As a member of the Virtual Genealogical Association (VGA), we receive 3-4 webinars a month. I’ve gotten behind on them and after six months, you can no longer access them. I’m glad that I happened to sign in this morning to catch the webinar Genealogical Proof for the Everyday Genealogist by Annette Burke Lyttle before it went away as I very much enjoyed it.
I’ll be giving a similar presentation for Niagara County Genealogical Society (NCGS) in January on an introduction to the Genealogical Proof Standard (GPS).
I’d like to start blogging my notes and thoughts as I learn about new genealogy resources and techniques. I am constantly listening to podcasts and watching webinars that I don’t often slow down to reflect on and put into action the content. I think writing about it might help. So here are some of my notes from this wonderful webinar:
- The GPS is designed to help us feel confident that the information we attach to our trees is accurate and reliable. The GPS is for everybody – not just professionals.
- Similar to what Crista Cowan always says: “Have fun climbing YOUR family tree,” the GPS will help us not accidentally connect to branches that don’t belong in your tree.
- All evidence is not created equal and we need to determine the reliability and accuracy of the evidence that we find.
- You must start with a research question or you may waste a lot of time having fun, but not accomplishing much. The research question will help you develop a plan to determine what documents you should try looking for to help answer your question.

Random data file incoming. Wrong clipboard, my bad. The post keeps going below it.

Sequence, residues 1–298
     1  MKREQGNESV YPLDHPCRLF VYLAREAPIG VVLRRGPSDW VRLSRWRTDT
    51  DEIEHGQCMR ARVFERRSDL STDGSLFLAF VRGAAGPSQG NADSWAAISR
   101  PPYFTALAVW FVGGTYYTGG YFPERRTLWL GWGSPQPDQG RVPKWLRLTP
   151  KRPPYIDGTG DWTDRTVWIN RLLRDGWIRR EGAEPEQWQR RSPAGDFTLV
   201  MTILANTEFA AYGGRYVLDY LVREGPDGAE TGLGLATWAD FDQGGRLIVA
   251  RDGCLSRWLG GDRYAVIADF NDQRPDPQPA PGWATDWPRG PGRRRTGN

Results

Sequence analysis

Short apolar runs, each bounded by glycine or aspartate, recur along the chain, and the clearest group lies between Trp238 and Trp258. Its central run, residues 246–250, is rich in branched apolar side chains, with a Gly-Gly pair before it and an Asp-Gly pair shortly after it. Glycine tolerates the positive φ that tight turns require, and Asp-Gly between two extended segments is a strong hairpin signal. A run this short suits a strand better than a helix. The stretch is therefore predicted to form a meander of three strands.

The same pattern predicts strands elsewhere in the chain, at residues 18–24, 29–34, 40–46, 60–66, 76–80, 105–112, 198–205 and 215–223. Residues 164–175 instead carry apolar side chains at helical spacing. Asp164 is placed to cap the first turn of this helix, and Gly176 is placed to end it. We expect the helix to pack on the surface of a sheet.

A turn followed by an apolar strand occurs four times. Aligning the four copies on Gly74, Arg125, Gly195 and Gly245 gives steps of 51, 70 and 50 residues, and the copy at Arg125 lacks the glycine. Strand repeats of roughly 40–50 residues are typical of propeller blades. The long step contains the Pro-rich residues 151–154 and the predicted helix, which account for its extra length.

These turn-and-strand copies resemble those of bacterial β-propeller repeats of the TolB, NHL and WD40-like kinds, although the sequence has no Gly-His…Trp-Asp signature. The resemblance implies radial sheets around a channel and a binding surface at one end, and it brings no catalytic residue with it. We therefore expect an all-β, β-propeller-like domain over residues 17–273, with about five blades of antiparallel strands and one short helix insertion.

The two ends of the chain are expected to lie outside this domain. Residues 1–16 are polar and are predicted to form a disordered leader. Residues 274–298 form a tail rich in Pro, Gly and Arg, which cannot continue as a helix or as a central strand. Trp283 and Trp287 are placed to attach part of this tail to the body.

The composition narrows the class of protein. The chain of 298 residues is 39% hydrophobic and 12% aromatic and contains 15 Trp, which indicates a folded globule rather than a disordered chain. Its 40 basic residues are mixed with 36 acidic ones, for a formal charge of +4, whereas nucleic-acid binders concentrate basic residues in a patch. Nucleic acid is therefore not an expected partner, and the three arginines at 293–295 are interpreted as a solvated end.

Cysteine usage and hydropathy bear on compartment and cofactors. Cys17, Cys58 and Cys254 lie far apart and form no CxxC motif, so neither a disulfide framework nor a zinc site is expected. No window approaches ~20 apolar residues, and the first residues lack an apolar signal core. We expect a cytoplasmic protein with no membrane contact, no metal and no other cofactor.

- Don’t be afraid if your research plan changes along the way due to what you uncover from the sources you find. I really like this reminder that your plan can be flexible.
- Writing a conclusion helps to explain to anyone else looking at our research (and ourselves – as I know that I often wondered how I came to the conclusion of a date or relationship on my tree. LOL) understand what we have concluded and how we arrived at that conclusion.
- The GPS is a method that will help us ensure that we find the most reliable information possible.
- Digital copies of records are treated as if it were the original as long as there is no evidence that it has been altered.
- You should try to take a derivative source and find the origin of the information so that you can see if there was information left out or recorded in error. I think it is also good to look at it in the context in which the original was created.
I particularly loved her explanation of how you can resolve any conflicts. This is something that I haven’t been too certain on and she gave three basic ways to resolve conflicts:
- Quantity and quality of evidence
- Quality of the evidence
I haven’t yet finished reading Mastering Genealogical Proof and I bet that would help be further understand resolving conflicts. I have always felt scared to say with certainty that I felt a particular piece of evidence was more correct than another one. Now I have some more confidence to say that I came to my conclusion based on a thorough analysis and correlation of the information and when I compared the conflicting sources of information that this one is more likely to be correct.
- Be sure when you write your conclusions that you lay out the research question and the evidence that lead you to the answer.